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Sugar Blog

Unless you’ve been living under a rock your whole life, you know that sugar causes tooth decay. But how? And when we say “sugar”, what are we actually talking about?

Bacteria are naturally present in your mouth. On your teeth, under your gums, on your tongue, your cheeks…everywhere. There’s nothing wrong with that, human beings have evolved over thousands of years to live and prosper as the hosts of these microscopic organisms. We use them to our advantage, the most familiar example being the probiotics we take as supplements to assist our digestive health.

What we didn’t evolve with was copious amounts of readily available carbohydrates, such as sucrose (table sugar). Modern processed foods often contain sugars with confusing names such as corn syrup, dextrose, fructose, fruit juice concentrates, glucose, high-fructose corn syrup, invert sugar, lactose, maltose, malt syrup, cane crystals, cane sugar, crystalline fructose, evaporated cane juice, corn syrup solids and malt syrup.

Any carbohydrate that bacteria come across in your mouth is digested by them and used for energy, but the simpler sugars mentioned above are more easily digested. The waste products the bacteria produce after “eating” this sugar is acidic, and it is this acid sitting on your teeth that damages them. The sticky white/ yellow substance on your teeth that we call plaque is a combination of food particles, bacteria and bacterial waste. So the sooner you remove this plaque by brushing your teeth and flossing, the less damage the acidity can do.

The important thing to remember, however, is that simple sugars are not the only form of energy for bacteria. There’s no going paleo for bacteria, they’re bulking up on a high carb diet. The easier the carbohydrate is to digest, the better they love it, but they’ll content themselves with carbs from bread, pasta, rice, sweet and savoury biscuits, muesli bars, dried and fresh fruit, chips, snack bars, cordial, fruit juice, energy drinks, sports drinks, smoothies, yoghurt, canned and jarred foods and the sugars naturally present in vegetables.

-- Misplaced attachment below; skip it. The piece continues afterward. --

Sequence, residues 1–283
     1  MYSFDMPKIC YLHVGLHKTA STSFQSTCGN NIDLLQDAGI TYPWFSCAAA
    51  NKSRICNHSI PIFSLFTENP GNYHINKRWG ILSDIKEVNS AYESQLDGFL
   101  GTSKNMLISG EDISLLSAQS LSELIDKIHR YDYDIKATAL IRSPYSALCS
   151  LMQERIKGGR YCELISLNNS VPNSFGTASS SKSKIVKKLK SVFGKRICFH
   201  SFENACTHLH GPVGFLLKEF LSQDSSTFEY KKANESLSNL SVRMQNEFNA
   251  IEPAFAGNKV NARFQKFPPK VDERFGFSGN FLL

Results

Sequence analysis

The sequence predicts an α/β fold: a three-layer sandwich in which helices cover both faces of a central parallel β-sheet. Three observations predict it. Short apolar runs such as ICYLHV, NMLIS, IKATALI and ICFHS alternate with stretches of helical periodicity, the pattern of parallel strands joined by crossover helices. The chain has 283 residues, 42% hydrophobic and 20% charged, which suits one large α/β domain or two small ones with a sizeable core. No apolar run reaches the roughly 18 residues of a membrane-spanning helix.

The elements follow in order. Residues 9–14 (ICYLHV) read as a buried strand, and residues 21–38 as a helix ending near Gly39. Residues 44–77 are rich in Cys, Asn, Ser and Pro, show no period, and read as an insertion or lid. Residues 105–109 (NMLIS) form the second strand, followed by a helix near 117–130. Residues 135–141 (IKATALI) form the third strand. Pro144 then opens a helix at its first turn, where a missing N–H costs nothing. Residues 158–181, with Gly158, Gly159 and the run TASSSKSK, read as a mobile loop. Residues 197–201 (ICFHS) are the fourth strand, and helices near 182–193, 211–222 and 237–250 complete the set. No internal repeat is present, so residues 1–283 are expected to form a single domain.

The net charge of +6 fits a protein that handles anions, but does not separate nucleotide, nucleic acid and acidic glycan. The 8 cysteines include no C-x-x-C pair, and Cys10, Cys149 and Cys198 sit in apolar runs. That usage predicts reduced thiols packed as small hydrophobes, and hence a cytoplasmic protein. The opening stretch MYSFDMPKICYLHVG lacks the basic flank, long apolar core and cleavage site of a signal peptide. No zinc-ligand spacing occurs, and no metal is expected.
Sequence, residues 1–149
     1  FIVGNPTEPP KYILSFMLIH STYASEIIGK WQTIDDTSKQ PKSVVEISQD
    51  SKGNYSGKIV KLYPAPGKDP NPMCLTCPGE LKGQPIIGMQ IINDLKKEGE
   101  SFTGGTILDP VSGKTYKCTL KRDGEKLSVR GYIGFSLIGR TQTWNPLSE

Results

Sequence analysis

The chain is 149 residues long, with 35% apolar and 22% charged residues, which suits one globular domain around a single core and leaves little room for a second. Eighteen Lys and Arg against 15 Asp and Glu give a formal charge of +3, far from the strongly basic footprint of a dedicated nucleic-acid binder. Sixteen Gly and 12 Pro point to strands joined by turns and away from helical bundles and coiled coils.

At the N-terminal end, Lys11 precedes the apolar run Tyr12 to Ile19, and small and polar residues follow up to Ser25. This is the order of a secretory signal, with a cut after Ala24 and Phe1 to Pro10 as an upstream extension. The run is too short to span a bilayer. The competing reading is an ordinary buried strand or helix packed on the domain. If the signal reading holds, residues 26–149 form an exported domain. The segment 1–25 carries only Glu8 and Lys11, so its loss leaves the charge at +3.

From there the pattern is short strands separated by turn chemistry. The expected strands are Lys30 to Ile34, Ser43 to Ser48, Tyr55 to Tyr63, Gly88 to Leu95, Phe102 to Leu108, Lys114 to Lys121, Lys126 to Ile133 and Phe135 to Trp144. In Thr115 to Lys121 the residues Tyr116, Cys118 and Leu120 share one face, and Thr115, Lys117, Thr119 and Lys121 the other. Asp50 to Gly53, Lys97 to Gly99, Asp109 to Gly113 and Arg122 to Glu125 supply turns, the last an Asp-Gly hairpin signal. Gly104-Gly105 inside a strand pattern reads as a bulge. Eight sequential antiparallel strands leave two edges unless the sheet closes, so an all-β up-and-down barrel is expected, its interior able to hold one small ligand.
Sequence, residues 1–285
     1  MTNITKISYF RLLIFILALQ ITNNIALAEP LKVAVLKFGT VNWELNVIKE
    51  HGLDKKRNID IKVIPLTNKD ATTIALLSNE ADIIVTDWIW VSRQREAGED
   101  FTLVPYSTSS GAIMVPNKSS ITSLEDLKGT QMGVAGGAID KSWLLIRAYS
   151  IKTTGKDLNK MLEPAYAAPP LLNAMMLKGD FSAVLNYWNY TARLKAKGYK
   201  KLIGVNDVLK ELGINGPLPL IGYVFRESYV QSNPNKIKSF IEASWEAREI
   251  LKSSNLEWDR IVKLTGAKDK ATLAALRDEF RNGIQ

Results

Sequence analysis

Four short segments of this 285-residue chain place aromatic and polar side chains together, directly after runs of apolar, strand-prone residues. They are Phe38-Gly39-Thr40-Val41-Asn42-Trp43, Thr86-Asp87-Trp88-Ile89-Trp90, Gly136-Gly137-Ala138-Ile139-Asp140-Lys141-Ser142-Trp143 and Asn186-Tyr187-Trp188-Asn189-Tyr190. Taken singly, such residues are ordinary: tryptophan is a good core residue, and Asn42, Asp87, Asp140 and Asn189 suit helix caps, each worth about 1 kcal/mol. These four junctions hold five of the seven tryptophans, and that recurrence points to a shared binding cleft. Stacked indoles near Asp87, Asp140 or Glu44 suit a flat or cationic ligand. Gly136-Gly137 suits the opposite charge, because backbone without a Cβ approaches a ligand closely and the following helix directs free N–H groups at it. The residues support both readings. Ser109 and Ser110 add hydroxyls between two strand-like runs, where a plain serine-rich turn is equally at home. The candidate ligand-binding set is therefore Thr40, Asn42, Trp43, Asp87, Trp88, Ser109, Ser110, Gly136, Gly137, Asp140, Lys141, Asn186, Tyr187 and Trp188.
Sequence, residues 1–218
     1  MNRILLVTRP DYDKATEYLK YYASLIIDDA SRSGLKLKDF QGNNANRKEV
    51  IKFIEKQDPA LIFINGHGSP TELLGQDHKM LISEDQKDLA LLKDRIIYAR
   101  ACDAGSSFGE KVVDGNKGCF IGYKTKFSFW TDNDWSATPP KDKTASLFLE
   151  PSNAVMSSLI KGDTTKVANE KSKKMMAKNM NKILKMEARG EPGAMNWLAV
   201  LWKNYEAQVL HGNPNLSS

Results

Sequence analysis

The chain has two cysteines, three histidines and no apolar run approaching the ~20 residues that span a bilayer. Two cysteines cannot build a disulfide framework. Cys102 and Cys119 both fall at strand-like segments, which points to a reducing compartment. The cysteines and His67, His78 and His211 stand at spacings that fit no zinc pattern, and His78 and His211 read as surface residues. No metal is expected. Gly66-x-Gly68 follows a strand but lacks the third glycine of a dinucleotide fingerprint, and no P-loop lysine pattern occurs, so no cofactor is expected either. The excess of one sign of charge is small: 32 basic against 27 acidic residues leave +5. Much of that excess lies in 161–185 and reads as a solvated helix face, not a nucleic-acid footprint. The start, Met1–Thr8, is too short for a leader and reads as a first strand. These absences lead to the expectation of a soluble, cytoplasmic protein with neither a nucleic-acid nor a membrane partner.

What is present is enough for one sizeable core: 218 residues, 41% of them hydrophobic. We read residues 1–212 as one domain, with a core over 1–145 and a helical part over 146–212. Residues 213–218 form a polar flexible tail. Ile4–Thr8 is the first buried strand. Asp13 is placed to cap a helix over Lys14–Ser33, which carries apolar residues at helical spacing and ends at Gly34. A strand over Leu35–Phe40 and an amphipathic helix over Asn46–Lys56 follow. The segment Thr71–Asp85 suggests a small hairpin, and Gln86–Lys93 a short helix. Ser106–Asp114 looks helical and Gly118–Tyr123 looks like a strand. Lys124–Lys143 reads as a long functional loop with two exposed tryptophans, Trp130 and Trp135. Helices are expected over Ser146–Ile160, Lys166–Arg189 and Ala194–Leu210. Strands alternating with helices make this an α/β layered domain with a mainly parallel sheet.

So limiting your intake of sweets, desserts, biscuits, cakes and sweet drinks is important. However to truly prevent damage to your teeth from bacteria you should follow these steps:

  • Rinse with water after every meal then run your tongue over your teeth to check there are no chunks of food remaining in between your teeth or in the grooves of your teeth
  • Run your tongue over your teeth after brushing and flossing to ensure they feel smooth and clean
  • Brush your teeth in the morning and at night. It is especially important to brush at night so the acid isn’t sitting on your teeth all night eating away at them
  • Floss your teeth once a day. This prevents decay from forming in between your teeth where your toothbrush can’t reach
  • Have a check up and clean at the dentist every six months (unless advised otherwise by your dentist). The cleaning is more thorough than you are able to do at home with a toothbrush, plus the fluoride treatment protects against decay